Writing for mills is such a timewaster because you’re not really moving forward. It can’t ever get better. You want the writing you do to position your for better things — better clients and better pay. I’d rather see a writer take a night job as a bar back for a few months and do volunteer samples than waste years writing for mills only to find you’re only qualified…to write for mills.

  4. Allena

    I wholeheartedly agree with every single one except #2. New writers likely don’t have the breadth and depth of network that you and I have. So, I would tell them to look at online job ads, but with some caveats: 1) BE VERY SELECTIVE ABOUT WHICH- so NOT Craigslist, but LinkedIn and ones in your niche (for example, I am completing a $25K project that I found on an education writers association pro job board). and 2) Apply quickly- within the first couple days, as the boards (even the good ones such as those in my niche) are absolutely inundated. If the ad is more than a week old, move on.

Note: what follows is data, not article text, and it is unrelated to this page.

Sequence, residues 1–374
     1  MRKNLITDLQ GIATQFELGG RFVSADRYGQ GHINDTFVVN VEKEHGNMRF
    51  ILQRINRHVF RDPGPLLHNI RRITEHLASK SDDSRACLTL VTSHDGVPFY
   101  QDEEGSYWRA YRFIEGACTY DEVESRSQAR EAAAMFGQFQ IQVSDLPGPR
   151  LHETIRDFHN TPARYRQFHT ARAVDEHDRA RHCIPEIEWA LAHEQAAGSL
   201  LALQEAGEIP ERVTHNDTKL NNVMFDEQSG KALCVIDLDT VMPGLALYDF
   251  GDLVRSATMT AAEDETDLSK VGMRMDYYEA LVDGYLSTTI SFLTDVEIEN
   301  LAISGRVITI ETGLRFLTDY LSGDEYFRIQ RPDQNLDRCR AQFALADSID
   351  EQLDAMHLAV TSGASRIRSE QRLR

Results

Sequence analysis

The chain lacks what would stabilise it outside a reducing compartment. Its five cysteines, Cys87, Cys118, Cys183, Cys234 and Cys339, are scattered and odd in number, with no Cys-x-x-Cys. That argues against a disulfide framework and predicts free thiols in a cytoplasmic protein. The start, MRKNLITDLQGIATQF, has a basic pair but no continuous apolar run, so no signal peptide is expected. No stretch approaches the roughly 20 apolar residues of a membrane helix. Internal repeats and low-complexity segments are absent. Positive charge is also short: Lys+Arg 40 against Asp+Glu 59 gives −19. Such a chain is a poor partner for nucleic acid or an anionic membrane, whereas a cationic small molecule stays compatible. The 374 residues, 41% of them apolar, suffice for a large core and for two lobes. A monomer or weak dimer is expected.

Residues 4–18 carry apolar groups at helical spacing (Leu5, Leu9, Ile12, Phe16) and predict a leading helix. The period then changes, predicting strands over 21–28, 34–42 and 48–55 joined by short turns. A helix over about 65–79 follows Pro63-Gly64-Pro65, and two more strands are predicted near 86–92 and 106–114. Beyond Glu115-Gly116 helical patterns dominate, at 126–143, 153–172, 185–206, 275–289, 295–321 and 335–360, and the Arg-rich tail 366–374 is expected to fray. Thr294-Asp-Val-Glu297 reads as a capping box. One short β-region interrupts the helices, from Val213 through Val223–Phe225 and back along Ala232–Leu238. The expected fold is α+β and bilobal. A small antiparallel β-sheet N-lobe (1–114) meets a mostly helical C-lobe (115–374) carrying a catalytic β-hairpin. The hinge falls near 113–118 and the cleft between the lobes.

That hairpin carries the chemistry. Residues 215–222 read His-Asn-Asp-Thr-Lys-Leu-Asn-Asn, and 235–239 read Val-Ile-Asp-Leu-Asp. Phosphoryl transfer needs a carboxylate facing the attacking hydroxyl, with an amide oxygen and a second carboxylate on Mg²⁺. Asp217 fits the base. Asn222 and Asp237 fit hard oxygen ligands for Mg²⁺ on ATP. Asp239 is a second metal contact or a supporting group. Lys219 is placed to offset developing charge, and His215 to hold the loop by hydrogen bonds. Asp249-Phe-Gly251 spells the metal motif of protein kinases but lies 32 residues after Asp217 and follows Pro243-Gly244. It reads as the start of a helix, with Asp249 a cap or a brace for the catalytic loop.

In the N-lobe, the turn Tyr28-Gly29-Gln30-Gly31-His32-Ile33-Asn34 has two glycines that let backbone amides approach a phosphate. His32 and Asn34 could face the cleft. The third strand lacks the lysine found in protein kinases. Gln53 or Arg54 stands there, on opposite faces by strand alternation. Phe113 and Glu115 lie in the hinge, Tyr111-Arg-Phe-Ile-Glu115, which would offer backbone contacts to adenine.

• Carol Tice

      Oh, definitely agree Allena — I’m a big fan of quality niche job boards. But most writers aren’t looking at them. I challenge new writers to kick the habit for a week of looking at online job ads and use that time for other marketing. You should develop the habit of proactively marketing. Once you’ve got some of that going on, by all means find some good niche boards for your writing area and check them out occasionally. But checking online ads should NOT be the core of any writer’s marketing plan.

  5. Ali

    I signed up on LI but don’t use it much often… it sounds pretty absurd to me. Why don’t you write a separate post on how writers (or freelancers) can get the most out of it, Carol?

  6. Julia